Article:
Royal Aircraft Factory S.E.5a

1917

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Royal Aircraft Factory S.E.5a

The third prototype of the S.E.5 flew at Farnborough on 12 January 1917 powered by a 200hp geared Hispano- Suiza 8B water-cooled eight-cylinder V-type engine, but otherwise similar to the 150hp-engined earlier prototypes. While production deliveries of the 200hp engine were awaited, airframe modifications were introduced in the light of early experience with the first production batch of S.E.5s. In particular, the wing rear spars were shortened at the tips to provide greater strength, this serving to blunt the previously raked tips and reduce overall span by 39.4cm. At the same time, lateral control was improved by shortening the levers on the ailerons. With a small Avro-type windscreen in place of the S.E.5's voluminous structure, a small fabric-covered head fairing behind the cockpit, the blunt wings and the standard Vickers + Lewis gun armament, the version with 200hp engine became the subject of large-scale production as the S.E.5a, starting with part of the second batch S.E.5s already ordered from the RAF. Two hundred more were built at Farnborough itself and, in addition, by the time the war came to an end in November 1918, some 5125 S.E.5a's had been built by five companies in less than 18 months: Austin (1,550), Bleriot & Spad (560), Martinsyde (400), Vickers (2,215) and Wolseley (400). Production of the 200hp Hispano (in several sub-variants, and including licence-production by Wolseley as the W.4B Adder I, II and III) failed to keep pace with this prodigious output, and numerous operational difficulties with the engine enhanced the problem. Consequently, many S.E.5a's were fitted (without change of designation) with the 200hp direct-drive Wolseley W.4A Viper, a derivative of the French engine. At least six S.E.5a's were flown with the 200hp Sunbeam Arab I (geared) or Arab II (direct drive) water-cooled eight-cylinder engine in trials at Farnborough, and some production aircraft received high-compression versions of the French-built Hispano-Suiza engine, increasing maximum" output to 220hp. Twenty-two squadrons of the RFC and the US Air Service were flying the S.E.5a by the time of the Armistice, but this brought an end to planned largescale production by Curtiss in the US when only one of 1,000 on order had been completed (in addition to 56 assembled from British components). Service use continued on a small scale for only a short time after the end of the war, in Australia, Canada and South Africa as well as with the RAF.

Royal Aircraft Factory S.E.5a

Specification 
 ENGINE1 x Hispano-Suiza engine, 200 hp
 WEIGHTS
  Take-off weight929 kg2048 lb
  Empty weight694 kg1530 lb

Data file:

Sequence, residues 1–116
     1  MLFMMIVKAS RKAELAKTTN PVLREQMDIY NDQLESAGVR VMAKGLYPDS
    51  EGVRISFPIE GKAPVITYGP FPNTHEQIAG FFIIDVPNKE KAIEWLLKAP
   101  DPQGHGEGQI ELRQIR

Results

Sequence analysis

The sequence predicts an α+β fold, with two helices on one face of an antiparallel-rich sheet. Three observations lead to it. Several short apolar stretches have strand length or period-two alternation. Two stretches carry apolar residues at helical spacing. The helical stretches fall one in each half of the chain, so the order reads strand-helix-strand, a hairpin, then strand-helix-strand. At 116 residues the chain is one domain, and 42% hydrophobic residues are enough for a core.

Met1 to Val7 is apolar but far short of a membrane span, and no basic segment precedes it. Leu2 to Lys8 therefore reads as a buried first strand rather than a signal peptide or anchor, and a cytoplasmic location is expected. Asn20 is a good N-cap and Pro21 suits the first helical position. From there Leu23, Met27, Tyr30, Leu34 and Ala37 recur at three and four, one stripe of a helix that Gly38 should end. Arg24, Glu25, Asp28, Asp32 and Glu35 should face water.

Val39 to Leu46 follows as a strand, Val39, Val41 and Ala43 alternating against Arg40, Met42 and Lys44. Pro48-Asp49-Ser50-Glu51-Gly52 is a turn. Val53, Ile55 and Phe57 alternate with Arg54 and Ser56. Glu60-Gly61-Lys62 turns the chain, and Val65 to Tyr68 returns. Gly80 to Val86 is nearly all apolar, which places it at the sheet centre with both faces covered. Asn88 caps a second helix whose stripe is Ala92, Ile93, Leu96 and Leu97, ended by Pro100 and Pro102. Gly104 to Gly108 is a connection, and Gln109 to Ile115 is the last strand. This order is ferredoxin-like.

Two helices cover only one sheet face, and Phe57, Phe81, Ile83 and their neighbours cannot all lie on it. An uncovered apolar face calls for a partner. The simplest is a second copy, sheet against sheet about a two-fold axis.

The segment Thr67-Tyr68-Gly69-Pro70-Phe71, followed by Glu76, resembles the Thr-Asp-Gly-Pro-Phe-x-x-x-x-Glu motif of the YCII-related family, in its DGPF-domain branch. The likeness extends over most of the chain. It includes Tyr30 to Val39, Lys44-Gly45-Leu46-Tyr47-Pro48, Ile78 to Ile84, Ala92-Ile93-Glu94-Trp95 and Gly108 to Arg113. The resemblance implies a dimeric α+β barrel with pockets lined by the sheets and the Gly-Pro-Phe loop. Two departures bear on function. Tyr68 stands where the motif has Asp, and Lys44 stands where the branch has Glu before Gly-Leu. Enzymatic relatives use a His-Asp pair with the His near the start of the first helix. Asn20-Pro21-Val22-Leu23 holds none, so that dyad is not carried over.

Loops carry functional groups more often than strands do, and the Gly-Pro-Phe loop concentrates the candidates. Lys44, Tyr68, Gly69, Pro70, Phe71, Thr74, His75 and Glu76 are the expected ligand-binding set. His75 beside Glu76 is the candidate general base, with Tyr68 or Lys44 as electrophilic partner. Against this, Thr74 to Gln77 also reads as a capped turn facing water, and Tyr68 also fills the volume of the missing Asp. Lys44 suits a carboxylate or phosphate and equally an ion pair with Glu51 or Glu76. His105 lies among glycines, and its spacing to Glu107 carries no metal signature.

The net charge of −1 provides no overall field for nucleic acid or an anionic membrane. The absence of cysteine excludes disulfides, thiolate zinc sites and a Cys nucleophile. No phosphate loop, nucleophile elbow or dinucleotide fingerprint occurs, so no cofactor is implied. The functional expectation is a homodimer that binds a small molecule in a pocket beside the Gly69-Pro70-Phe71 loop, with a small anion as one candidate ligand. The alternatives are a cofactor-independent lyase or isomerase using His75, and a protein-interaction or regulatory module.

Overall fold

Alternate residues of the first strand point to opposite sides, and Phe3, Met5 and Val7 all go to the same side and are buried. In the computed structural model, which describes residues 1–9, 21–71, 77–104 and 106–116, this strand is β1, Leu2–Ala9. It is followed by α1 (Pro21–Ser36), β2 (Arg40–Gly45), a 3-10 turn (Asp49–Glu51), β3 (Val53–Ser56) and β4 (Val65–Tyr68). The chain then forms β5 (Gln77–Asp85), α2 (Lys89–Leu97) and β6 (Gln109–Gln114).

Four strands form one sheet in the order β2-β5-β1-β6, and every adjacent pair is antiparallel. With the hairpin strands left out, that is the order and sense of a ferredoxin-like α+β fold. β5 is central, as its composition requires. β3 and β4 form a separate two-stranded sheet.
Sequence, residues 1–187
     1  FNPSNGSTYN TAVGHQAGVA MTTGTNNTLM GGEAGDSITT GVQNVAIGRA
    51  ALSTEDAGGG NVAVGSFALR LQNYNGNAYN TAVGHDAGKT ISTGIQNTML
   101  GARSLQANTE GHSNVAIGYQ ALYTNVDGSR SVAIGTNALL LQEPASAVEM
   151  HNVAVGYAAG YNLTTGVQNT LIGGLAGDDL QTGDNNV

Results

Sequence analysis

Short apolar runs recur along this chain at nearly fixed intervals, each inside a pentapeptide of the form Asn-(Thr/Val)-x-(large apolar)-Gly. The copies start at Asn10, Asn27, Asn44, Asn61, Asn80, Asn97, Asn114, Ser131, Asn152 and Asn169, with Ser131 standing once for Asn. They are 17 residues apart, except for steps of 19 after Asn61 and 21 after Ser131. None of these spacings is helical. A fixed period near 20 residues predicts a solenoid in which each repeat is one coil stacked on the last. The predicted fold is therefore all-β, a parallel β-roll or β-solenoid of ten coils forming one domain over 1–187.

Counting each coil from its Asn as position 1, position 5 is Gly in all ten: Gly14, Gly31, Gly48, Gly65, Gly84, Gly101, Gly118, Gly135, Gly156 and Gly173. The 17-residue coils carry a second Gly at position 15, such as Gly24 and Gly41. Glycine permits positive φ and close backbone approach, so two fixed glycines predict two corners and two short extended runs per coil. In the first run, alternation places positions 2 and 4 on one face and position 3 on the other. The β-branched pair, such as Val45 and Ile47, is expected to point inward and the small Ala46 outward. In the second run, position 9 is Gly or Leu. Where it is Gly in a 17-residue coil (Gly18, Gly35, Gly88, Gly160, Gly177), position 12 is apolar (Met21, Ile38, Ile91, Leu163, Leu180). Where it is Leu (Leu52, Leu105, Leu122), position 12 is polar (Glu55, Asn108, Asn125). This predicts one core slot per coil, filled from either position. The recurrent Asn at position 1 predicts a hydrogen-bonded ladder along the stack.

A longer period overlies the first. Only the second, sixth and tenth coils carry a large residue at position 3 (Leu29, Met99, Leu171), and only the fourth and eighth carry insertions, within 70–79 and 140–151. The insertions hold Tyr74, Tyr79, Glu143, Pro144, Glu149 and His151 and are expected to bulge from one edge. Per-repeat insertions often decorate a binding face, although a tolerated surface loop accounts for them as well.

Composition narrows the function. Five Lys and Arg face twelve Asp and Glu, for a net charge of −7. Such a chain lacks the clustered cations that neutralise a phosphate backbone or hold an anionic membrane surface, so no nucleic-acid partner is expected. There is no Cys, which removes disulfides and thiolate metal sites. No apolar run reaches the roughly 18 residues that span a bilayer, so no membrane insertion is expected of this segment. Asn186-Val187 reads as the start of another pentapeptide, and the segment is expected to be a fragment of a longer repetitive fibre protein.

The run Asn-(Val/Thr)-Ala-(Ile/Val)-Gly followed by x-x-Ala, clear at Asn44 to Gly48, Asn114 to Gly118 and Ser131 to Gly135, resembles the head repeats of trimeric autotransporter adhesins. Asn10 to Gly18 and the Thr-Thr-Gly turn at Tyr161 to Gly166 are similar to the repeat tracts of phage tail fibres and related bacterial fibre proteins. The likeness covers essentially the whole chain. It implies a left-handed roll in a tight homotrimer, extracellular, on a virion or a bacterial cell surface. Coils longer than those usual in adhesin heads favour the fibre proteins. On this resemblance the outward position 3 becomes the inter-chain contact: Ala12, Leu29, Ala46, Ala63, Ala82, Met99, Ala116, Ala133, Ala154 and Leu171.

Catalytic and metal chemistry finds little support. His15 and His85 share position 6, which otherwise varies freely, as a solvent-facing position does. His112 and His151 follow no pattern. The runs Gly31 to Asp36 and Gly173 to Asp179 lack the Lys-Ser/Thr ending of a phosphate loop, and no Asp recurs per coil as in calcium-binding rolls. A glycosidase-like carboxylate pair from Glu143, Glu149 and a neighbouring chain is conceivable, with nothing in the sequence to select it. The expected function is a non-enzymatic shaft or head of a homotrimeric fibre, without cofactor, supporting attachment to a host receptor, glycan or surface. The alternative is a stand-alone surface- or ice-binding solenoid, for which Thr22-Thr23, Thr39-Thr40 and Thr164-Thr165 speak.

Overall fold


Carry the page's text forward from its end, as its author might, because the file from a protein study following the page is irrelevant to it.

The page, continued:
DIMENSIONS
  Wingspan8.11 m27 ft 7 in
  Length6.37 m21 ft 11 in
  Height2.89 m10 ft 6 in
  Wing area22.83 m2245.74 sq ft
 PERFORMANCE
  Max. speed203 km/h126 mph
  Ceiling5180 m17000 ft

3-View 
Royal Aircraft Factory S.E.5aA three-view drawing (1278 x 942)

Comments
Michael Gay, e-mail, 06.05.2020 08:27

Try to get a Lanier RC ARF. The SE5-A and the Fokker D-7 are both great flyers, but have been unavailable for nearly 10 years. I was fortunate to find a Lanier SE5-A at a swap meet 5 years ago. Span about 40", weight 32 oz. I'm using a 1300mAh 3S pack on a 1100 kV motor and the prop is a 10x3.8" APC. A 25A ESC is installed and the airplane flys great with this setup.

Both aircraft are built of balsa /lite ply and have slightly undercambered airfoils.

Pat Tritle designed a great little SE5-A many years ago. His designs are EXTREMELY light! I think the short-kit can be obtained from Brodak.

reply

Brian Brookwell, e-mail, 02.06.2015 00:26

I'm creating an E-10 Math drill-and-practice game and would like to use some of your three view drawings for aircraft as part of the game.

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James Barnes, e-mail, 30.08.2011 19:20

When I was Deputy Director Weapons at RAE in the early 1980's the Chief of Experimental Flying, Group Captain Reggie Spiers RAF, flew the only surviving SE5a still kept at Farnborough. It had a Wolseley engine and great care had to be taken with the setting of the radiator vents to keep the engine at the right temperature. In all other respects Spiers regarded it as a nice aircraft to fly.

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aiqing, 20.06.2011 10:02

Service use continued on a small scale for only a short time after the end of the war, in Australia, Canada and South Africa as well as with the RAF.

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Graham Shanks, e-mail, 16.02.2009 21:18

Thank you for the information and the 3 view drawings, I intend making a scale model of this great little biplane, electric powered and radio controlled about 36 inch (91.5cm) wing span.

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